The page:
England are all set to crash out of another major footballing tournament this year and that means only one thing in the world of tech: loads of people are about to get a new telly. So CES 2018 has delivered in a big way with a slew of 4K, HDR sets from the likes of Sony, LG, Samsung and plenty of others. As anyone who’s got themselves an own-brand bargain screen on Black Friday knows, not all big screens are built equally.
Wanna shoot a movie without the backing of a Hollywood studio? There’s no better camera than Panasonic’s new Lumix GH5S. The successor to last year’s awe-inspiring GH5 has upgraded its Ultra HD recording repertoire further still to support Cinema 4K footage at 60p with HDR, a 10-bit color gamut and unlimited video recording.
Whereas the Panasonic GH5 was made for both photos and video, the GH5S has only one thing on it’s mind: 4K footage. That’s why it’s got a 10.2MP sensor with pixels that are almost two times bigger than on the GH5. What does this mean? The GH5S can capture a huge amount of light and detail in its footage with a maximum ISO of 51,200, which of course makes all the difference when you’re shooting in a 4K resolution.
Muck Rack makes it simple to find people, tweets, or articles that mention any name, keyword, company, hashtag etc. We've compiled this guide to help you make the most of your search.
Selecting a term
Start searching tweets, articles from media outlets, articles mentioned in tweets, journalists'
names, titles and bios with some suggested searches:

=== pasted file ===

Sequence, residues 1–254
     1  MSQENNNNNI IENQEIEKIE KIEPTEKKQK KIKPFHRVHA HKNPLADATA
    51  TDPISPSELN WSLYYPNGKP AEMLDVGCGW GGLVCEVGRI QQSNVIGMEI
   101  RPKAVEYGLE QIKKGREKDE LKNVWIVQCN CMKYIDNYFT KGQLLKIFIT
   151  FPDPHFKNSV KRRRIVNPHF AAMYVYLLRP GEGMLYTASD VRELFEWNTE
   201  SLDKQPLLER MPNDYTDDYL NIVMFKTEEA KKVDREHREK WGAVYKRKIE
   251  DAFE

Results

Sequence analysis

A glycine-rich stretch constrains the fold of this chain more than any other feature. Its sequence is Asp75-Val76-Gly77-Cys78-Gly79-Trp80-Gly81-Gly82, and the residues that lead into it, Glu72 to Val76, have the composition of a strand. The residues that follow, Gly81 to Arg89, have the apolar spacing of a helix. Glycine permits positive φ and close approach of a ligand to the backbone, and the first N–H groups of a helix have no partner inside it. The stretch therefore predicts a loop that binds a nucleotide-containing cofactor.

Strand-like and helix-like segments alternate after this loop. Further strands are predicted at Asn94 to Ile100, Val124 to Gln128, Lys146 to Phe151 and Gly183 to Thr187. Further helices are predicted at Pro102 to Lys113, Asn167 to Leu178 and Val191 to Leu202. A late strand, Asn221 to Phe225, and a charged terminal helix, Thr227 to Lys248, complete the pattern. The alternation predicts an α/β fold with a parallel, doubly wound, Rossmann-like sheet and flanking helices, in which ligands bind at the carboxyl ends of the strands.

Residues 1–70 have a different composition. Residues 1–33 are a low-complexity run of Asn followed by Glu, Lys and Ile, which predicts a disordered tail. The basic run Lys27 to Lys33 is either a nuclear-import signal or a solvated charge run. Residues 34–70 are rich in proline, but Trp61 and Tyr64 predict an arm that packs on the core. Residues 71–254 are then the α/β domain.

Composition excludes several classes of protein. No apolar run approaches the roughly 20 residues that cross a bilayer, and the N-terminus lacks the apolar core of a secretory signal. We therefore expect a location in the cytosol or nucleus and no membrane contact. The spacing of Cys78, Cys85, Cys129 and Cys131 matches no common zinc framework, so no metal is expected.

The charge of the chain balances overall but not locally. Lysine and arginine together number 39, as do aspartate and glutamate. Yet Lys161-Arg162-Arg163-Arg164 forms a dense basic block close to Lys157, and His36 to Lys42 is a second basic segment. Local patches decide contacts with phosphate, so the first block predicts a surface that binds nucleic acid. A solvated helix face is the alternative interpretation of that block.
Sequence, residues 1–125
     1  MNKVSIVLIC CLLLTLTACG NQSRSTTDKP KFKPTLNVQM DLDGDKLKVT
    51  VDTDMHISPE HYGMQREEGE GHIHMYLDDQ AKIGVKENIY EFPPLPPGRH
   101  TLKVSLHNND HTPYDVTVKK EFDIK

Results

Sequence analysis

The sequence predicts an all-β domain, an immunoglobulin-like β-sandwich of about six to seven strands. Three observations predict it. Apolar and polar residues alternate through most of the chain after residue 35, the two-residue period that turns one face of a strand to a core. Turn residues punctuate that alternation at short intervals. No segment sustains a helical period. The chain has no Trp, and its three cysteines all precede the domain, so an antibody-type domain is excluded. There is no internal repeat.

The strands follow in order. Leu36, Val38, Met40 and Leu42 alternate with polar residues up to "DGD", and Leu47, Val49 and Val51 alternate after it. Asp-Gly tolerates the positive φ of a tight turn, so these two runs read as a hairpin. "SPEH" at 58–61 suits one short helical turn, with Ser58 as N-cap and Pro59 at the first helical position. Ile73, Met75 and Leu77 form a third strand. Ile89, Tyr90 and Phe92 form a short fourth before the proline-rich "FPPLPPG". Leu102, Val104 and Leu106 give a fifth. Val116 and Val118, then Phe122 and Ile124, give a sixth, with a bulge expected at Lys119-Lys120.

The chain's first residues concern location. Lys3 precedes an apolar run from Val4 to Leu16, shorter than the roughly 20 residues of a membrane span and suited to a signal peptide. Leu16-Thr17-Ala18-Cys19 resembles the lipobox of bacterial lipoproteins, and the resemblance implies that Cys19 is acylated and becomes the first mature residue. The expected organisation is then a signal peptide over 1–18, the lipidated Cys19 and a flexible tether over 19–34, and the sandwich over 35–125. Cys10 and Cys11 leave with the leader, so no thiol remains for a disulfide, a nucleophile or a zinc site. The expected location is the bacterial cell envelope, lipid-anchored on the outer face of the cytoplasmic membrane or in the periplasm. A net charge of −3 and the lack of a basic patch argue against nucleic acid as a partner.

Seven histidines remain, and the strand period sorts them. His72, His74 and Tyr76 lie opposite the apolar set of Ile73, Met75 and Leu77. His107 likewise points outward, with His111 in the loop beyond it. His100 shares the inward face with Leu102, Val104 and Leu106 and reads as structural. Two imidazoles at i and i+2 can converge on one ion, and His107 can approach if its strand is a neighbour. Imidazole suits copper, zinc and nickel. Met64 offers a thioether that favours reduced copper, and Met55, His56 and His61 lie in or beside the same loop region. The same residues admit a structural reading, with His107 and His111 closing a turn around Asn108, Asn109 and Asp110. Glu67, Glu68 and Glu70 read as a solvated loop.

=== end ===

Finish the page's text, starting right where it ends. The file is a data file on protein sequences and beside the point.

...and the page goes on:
Companies or Topics (e.g. iPhone, Microsoft)
Phrases (e.g. "cloud computing") — use quotes to keep the terms together
Twitter handles (e.g. @username) — returns those who have mentioned or replied to
Names (e.g. "David Pogue")
Hashtags (e.g. #sxsw, #london2012)
Bio details (e.g. vegan, Olympics, father)
Muck Rack's Advanced Search allows for many boolean operators.
Find results that mention multiple specified terms, use AND or
+. For example, ensure each result contains both Elon Musk and Mark Zuckerberg by
searching Musk AND Zuckerberg or Musk + Zuckerberg.
Use the operators OR or , to broaden your search when you'd like either of
multiple terms to appear in results. (This is the default behavior of our search when no operators
are used). For example, results will contain either cake or cookie by searching cake OR cookie or cake,cookie
Use NOT or - to subtract results from your search. For
example, searching Disney will yield results about the Walt Disney Company as well as Walt Disney
World Resort. To exclude mentions of Disney World, search for Disney -World or Disney
When using one of these operators with a phrase, enclose it in quotation marks. For example, you can
find results about smartphones excluding Apple's iPhone 4S by searching smartphone -"iPhone
Exact case matching or punctuation
If you're searching for a brand name or keyword that relies on specific punctuation marks or capitalization, you can
find results that match your exact query by adding matchcase: before the keyword you're searching for, like matchcase:E*TRADE .
Use parentheses to separate multiple
boolean phrases. For example, to find journalists talking about having fun in Disney World or
Disneyland, search for ("disney world" OR disneyland) AND fun.
An asterisk can be used to search for any variation of a root word truncated by the asterisk. For example, searching for admin* will return results for administrator, administration, administer, administered, etc.
A near operator is an AND operator where you can control the distance between the words. You can vary the distance the near operation uses by adding a forward slash and number (between 0-99) such as strawberries NEAR/10 "whipped cream", which means the strawberries must exist within 10 words of "whipped cream".